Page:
Despite the Shelby ruling, voting-rights activists in Mississippi are not ready to give up the fight—nor are the proponents of such measures as voter ID running any victory laps. Hosemann concedes that even without preclearance, Mississippi would still have to comply with Section 2 of the Voting Rights Act, which bars the state from implementing discriminatory voting laws.
"You couldn't say that Catholics can't vote, which we tried to do in Mississippi, or that women can't vote, which we tried to do—or the Jim Crow laws, which we also did. There's a whole series of things that have impeded people's right to vote and that comes under the constitutionality portion (of the Voting Rights Act). So the preclearance would go away, but individuals who may challenge voter ID would still have the ability to question the constitutionality of it," Hosemann said.
But Section 2 mainly applies after the fact. If the state or a municipality implements a discriminatory voting law or procedure, a challenger would have to wait until after an election to argue that the law had a racially discriminatory effect on the outcome. Of course, by then the election would be over, and the lawsuit could take years to move the through the courts.
"It will be very difficult, given the makeup of the court, for ID laws to be struck down under the federal Constitution," said Tray Grayson, former Kentucky secretary of state and executive director of the Institute of Politics at Harvard.
But Rhodes said Mississippi's voter-ID legislation does provide the basis for a court challenge because the bill states the law is effective July 1, 2012—not when it completes federal preclearance.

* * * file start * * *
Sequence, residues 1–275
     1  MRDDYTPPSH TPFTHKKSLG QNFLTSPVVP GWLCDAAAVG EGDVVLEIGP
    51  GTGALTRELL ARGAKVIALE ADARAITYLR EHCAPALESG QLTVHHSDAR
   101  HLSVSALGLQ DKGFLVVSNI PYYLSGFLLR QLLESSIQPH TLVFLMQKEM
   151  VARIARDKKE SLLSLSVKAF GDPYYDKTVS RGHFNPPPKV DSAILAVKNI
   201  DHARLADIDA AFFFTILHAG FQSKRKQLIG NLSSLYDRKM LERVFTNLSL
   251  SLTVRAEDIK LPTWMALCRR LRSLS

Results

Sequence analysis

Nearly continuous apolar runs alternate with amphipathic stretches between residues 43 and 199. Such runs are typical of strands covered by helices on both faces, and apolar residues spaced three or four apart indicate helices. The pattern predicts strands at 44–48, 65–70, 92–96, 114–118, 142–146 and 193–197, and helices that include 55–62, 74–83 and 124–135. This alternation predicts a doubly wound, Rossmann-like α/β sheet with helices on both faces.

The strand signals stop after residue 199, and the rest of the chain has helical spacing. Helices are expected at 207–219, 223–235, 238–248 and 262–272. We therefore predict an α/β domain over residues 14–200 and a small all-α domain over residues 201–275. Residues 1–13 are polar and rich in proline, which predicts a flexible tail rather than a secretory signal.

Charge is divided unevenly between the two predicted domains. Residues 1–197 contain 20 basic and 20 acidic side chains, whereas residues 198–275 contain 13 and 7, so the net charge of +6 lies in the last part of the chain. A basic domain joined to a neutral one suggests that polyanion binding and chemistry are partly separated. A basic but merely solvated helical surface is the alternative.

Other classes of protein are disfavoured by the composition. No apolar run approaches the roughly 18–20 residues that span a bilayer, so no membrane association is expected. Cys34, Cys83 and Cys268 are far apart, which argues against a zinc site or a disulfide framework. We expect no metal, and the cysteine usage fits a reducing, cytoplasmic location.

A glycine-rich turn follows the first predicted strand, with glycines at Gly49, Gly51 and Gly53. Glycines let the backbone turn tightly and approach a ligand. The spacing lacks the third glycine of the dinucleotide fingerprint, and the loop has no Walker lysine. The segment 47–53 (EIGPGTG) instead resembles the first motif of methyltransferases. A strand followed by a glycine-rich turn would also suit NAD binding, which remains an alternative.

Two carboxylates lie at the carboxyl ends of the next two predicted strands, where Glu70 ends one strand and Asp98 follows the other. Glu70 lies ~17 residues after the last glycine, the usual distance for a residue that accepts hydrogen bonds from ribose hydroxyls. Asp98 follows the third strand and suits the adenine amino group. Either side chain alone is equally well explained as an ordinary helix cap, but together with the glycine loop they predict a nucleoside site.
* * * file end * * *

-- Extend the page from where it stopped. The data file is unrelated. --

Rhodes also believes that President Obama could issue an executive order applying preclearance to all jurisdictions nationwide; however, such an order would require a significant budget increase for the Justice Department's preclearance division, something the Republican-controlled House of Representatives is unlikely to grant the White House.
Steffey, the MC law professor, believes norms have changed enough in Mississippi that we are unlikely to see a return of the most egregious statewide forms of voter suppression common before Congress enacted the VRA. It's more likely that the issues will be at the municipal and county levels, Steffey said. State Sen. John Horhn isn't so optimistic about that his legislative colleagues will act with good intentions. "We've seen enough attempts by our colleagues to know that we won't be singing Kumbaya," Horhn said.
Rhodes, who has filed dozens of lawsuits over the years in response to legislative actions, isn't so sure either: "You just wait until the legislative session to see what they come up with."